UK Government No Longer Split on FOBT Issue

A review into Fixed Odds Betting Terminals (FOBTs) hasn’t been brushed under the carpet according to government sources.

Philip Hammond FOBT review

A report by The Times claims the Chancellor of the Exchequer Philip Hammond has dropped his opposition to a review on FOBTs. (Image:

Following a report that Chancellor of the Exchequer Philip Hammond had moved to block a review into FOBTs, the government has confirmed otherwise.

At the start of August, the Daily Mail suggested the head of the Treasury wasn’t keen on a reducing the maximum stake for FOBTs.

However, following backlash over Hammond’s potential objection to the FOBT review, sources speaking to The Times have said he’s “dropped” his opposition.

Consternation Over FOBT Review

As part of the review into FOBTs, the Department for Digital, Culture, Media and Sport has been canvassing opinions relating to the betting shops machines. The main change anti-FOBT campaigners want to see is a reduction of the maximum bet from £100 to £2 per round.

The Treasury initially formed the opinion that this move would hit the nation’s coffers too hard. In 2016, FOBTs generated £400 million in tax revenue and a cut in stakes would drastically reduce this figure.

Although sports minister Tracey Crouch dismissed the Daily Mail’s article as “fake news,” the issue hasn’t gone away. Indeed, as well as a letter of concern from the Church of England, poker player and broadcaster Victoria Coren-Mitchell penned an opinion piece in The Guardian lambasting the government’s weak stance over FOBTs.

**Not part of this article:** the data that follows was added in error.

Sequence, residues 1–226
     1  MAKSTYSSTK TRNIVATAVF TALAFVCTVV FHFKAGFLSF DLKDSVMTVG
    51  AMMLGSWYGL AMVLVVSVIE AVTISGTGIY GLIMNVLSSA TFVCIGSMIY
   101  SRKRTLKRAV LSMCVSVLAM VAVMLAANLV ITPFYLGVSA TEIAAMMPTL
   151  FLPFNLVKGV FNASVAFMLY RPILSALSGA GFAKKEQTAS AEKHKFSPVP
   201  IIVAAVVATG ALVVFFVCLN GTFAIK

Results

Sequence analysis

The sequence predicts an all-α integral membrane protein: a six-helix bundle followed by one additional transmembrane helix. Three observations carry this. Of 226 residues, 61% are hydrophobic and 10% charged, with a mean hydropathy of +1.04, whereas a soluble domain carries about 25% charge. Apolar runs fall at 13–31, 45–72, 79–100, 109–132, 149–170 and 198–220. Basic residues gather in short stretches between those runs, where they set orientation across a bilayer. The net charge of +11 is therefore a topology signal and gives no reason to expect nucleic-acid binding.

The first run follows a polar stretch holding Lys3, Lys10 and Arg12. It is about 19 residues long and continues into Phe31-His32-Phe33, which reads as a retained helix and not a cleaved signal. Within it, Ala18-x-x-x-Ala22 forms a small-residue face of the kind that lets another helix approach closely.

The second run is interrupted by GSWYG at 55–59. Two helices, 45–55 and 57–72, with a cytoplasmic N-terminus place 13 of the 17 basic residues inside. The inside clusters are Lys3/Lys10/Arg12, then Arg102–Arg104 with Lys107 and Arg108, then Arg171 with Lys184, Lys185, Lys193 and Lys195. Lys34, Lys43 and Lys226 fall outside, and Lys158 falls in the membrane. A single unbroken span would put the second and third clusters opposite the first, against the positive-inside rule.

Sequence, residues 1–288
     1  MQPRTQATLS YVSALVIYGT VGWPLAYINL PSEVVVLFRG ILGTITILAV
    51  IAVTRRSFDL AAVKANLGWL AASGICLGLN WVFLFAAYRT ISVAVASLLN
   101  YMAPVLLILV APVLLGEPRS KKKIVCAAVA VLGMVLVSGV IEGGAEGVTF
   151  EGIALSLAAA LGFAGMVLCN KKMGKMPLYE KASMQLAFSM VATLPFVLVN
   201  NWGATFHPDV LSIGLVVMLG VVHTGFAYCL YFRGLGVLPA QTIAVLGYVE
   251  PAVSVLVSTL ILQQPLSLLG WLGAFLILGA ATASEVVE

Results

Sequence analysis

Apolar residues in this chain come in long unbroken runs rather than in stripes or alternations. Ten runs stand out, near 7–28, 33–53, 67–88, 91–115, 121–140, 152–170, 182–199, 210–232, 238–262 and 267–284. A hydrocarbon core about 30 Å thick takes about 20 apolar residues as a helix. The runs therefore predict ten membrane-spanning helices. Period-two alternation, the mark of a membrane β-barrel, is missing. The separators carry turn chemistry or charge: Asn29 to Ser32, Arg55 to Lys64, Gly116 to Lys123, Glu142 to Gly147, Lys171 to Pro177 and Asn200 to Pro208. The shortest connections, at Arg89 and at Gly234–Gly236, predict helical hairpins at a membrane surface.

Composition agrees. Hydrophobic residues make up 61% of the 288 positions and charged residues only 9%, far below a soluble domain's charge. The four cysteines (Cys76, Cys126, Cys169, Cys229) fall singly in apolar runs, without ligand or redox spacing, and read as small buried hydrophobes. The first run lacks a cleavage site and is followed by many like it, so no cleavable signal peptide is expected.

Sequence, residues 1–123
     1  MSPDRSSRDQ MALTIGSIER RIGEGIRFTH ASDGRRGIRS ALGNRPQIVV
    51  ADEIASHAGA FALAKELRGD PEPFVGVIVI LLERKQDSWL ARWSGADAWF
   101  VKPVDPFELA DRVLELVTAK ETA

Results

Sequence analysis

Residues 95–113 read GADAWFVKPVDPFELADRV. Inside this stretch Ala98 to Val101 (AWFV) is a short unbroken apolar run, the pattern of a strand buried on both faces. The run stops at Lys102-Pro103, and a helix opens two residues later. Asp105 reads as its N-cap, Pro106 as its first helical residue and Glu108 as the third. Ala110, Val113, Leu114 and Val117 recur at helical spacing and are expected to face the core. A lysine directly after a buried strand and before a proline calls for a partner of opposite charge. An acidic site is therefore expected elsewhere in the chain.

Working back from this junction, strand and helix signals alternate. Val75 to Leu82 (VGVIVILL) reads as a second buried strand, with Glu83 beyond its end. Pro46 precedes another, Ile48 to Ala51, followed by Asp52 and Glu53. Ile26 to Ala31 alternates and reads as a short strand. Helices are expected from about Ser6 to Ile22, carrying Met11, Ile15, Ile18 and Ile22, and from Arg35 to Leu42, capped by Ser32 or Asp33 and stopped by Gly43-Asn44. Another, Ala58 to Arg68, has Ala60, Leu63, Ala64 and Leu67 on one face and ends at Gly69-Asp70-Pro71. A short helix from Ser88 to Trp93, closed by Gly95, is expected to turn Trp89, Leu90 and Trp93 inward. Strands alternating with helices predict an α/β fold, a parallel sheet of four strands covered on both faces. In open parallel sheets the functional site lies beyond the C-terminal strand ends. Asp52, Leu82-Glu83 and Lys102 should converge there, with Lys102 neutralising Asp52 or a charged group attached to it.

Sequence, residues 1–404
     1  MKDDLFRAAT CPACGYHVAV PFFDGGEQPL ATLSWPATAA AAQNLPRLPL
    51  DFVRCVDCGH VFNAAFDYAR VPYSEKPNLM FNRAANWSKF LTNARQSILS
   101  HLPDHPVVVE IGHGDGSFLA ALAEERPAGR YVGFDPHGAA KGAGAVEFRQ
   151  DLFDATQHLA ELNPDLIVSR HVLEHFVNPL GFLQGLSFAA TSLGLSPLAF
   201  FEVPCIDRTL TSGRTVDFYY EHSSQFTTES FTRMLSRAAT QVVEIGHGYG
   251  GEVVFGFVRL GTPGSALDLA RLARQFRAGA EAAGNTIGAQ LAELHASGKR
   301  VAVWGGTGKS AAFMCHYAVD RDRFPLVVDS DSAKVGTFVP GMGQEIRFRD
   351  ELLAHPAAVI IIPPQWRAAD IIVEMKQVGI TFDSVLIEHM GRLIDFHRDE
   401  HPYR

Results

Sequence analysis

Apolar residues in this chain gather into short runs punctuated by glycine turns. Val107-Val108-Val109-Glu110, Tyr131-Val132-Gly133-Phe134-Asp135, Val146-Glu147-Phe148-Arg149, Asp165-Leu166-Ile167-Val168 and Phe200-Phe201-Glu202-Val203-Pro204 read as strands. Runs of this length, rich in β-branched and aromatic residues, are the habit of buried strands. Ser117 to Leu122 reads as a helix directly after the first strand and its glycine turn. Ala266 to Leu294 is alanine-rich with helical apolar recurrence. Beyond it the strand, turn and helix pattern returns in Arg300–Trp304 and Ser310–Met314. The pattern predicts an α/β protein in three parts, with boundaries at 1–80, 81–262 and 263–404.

Internal Division is a Misnomer

In addition to The Times’ suggesting Hammond is now in favour of the review, the FOBT issue was raised in the House of Lords by Liberal Democrat Peer Lord Clement-Jones.

Pointing to an “internal debate” among government ministers over the state of FOBTs, Clement-Jones asked Lord Ashton of Hyde to clarify the state of play.

In response, Hyde stated that his counterpart had several “misunderstandings” about the situation. As well as pointing out Hammond has previously stated that he’s in favour of a system that aims to “balance” the needs of vulnerable players, he explained that the review contains a lot of data.

“The review generated a lot of interest from the general public as well as from a variety of interest groups, local authorities, trade bodies and industry,” said Hyde.

In line with the apparent wave of responses, Hyde concluded by pointing out that the person in charge of the report, sports minister Crouch, has said the report isn’t due until early October.

Until the review is finally published, the debate between the government, opposing parties and those wanting new conditions in place will almost certainly rage on.

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